TEPCO acknowledged some other key switches are in similarly tight locations.

http://www.asahi.com/ajw/articles/AJ201612050069.html

December 6, 2016 Posted by | Fukushima 2016 | , , | Leave a comment

Fukushima reactor N° 3 briefly loses cooling during inspection

reactor 3.jpg

 

TOKYO — One of the melted reactors at the tsunami-hit Fukushima nuclear power plant had a temporary loss of cooling Monday when a worker accidentally bumped a switch while passing through a narrow isle of switch panels during an inspection and turned off the pumping system.

The plant’s operator, Tokyo Electric Power Co., said cooling for the No. 3 reactor, one of the three that melted following the 2011 earthquake and tsunami, was out for nearly an hour before a backup pump kicked in.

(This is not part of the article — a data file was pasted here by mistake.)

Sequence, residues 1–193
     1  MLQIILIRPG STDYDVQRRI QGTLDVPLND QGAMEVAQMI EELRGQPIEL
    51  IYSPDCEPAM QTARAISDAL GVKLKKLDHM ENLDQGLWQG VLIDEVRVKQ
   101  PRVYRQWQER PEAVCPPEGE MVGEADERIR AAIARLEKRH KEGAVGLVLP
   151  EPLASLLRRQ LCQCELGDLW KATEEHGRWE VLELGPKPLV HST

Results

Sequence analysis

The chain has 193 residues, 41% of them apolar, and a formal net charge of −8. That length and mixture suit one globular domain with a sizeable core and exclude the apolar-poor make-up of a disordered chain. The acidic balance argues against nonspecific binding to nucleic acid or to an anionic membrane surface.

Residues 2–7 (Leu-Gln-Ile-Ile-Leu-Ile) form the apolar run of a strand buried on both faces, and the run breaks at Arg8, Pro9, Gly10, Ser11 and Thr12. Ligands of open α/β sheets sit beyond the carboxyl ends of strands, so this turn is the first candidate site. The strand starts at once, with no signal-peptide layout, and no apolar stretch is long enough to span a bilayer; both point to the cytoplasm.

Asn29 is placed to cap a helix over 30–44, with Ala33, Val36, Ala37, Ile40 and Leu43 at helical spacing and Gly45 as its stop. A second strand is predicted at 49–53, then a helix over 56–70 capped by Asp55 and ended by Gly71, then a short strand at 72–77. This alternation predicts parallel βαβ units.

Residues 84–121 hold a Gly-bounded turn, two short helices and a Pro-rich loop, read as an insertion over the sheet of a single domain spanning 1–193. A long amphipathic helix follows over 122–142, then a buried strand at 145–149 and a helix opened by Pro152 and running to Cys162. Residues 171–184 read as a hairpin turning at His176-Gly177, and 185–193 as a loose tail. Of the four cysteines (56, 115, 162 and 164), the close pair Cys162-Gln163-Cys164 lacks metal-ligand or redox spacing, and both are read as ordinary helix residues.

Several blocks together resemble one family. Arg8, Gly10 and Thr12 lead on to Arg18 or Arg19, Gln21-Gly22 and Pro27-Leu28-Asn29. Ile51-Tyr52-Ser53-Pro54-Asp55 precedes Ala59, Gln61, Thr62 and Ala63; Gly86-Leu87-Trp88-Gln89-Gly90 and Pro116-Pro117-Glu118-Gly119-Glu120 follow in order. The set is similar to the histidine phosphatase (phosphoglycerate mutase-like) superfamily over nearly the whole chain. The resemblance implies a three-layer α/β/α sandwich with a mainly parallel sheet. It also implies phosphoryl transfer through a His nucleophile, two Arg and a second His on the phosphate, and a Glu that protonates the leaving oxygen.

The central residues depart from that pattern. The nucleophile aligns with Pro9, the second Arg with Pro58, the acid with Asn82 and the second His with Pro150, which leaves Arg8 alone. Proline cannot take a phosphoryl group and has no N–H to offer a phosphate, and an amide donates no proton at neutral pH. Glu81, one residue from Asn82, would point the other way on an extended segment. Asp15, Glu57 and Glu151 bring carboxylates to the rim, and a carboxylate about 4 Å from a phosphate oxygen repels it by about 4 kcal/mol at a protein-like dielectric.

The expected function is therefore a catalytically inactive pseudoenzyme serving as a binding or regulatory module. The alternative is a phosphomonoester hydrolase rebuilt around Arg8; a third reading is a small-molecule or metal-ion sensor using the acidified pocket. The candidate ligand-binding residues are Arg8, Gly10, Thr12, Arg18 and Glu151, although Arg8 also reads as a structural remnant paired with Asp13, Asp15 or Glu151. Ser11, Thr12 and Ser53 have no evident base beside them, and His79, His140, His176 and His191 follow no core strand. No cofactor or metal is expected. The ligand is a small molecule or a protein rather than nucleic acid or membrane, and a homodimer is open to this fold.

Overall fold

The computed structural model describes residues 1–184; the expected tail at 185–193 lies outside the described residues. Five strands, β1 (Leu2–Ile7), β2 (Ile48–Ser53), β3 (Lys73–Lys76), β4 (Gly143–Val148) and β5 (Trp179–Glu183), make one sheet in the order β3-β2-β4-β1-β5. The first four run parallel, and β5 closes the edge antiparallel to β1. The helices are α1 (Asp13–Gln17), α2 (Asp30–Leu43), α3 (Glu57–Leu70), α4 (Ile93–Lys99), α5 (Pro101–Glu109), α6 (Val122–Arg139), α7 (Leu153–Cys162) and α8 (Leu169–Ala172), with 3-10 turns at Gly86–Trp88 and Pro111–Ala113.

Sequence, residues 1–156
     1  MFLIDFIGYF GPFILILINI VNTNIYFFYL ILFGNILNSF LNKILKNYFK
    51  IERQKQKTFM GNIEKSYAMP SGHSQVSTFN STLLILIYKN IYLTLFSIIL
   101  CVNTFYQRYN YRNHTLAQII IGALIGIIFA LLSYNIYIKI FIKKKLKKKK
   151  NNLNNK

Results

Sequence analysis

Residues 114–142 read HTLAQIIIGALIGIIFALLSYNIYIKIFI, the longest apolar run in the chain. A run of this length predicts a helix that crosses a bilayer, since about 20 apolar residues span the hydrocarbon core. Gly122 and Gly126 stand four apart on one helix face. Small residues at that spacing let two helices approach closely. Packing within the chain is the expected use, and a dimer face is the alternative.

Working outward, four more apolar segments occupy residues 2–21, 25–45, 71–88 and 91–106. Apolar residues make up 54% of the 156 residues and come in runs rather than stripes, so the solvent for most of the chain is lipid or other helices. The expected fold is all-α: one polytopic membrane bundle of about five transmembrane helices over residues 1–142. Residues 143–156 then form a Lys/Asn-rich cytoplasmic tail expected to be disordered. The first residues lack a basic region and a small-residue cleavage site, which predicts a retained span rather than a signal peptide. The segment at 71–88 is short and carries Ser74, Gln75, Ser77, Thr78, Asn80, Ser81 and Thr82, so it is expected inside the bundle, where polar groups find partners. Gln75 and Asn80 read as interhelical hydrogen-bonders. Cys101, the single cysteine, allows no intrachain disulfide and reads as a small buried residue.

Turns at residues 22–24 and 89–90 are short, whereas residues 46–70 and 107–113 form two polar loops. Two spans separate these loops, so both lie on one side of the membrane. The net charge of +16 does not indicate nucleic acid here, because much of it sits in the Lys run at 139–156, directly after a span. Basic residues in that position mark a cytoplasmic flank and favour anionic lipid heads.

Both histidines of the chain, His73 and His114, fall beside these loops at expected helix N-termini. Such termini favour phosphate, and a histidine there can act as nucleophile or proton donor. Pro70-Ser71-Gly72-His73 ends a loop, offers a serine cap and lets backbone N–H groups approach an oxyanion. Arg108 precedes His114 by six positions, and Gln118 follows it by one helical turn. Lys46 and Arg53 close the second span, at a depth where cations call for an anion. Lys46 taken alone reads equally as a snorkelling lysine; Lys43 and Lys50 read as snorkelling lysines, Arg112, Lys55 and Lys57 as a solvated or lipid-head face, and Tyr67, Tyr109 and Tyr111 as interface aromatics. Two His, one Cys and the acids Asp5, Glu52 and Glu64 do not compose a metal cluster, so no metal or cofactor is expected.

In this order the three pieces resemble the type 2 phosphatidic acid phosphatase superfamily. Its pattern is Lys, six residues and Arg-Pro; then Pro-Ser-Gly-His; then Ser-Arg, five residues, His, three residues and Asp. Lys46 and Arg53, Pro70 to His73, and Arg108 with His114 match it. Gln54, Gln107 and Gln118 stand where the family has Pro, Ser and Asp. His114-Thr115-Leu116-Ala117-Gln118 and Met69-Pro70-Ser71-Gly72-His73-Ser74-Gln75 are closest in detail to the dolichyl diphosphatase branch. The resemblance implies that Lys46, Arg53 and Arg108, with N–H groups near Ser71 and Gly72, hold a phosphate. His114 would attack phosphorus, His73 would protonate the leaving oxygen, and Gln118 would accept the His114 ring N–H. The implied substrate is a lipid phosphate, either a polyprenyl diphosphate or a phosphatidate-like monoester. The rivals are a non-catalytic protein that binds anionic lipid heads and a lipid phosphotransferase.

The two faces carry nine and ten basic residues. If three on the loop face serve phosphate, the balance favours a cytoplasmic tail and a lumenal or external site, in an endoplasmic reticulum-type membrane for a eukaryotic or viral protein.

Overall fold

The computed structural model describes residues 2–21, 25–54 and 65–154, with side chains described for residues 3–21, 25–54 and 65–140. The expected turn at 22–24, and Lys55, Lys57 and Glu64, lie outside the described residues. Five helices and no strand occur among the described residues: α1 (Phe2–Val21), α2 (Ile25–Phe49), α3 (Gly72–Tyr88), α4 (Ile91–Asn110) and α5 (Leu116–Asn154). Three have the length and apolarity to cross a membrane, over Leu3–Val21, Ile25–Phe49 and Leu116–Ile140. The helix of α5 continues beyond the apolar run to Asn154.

The reactor had enough water left inside and there was no temperature increase or radiation leak from the incident, TEPCO spokesman Yuichi Okamura said at a news conference.

Even though there was no radiation leak or overheating of the core, or any injuries, the incident was a reminder that Fukushima’s decommissioning work is running on a very fragile system.

The plant was largely running on makeshift pipes, wiring and other equipment in the first two to three years following the 2011 disasters, suffering a series of minor blackouts – including those caused by rats chewing cables – cooling stoppages and other problems.

The plant has since largely stabilized, but it remains vulnerable to unanticipated incidents as it continues to struggle with decommissioning work, which is expected to last decades.

Monday’s incident occurred when the worker was passing by a dimly lit isle that was only 85 centimeters (2.8 feet) wide, flanked by tall switch panels on both sides, Okamura said. With radiation levels still high, the worker was wearing a full-face mask and hazmat suit when he lost his balance while carrying equipment. His elbow jammed into the switch, breaking off its safety cover and inadvertently turning the lever to turn off the water injection pump to the No. 3 reactor.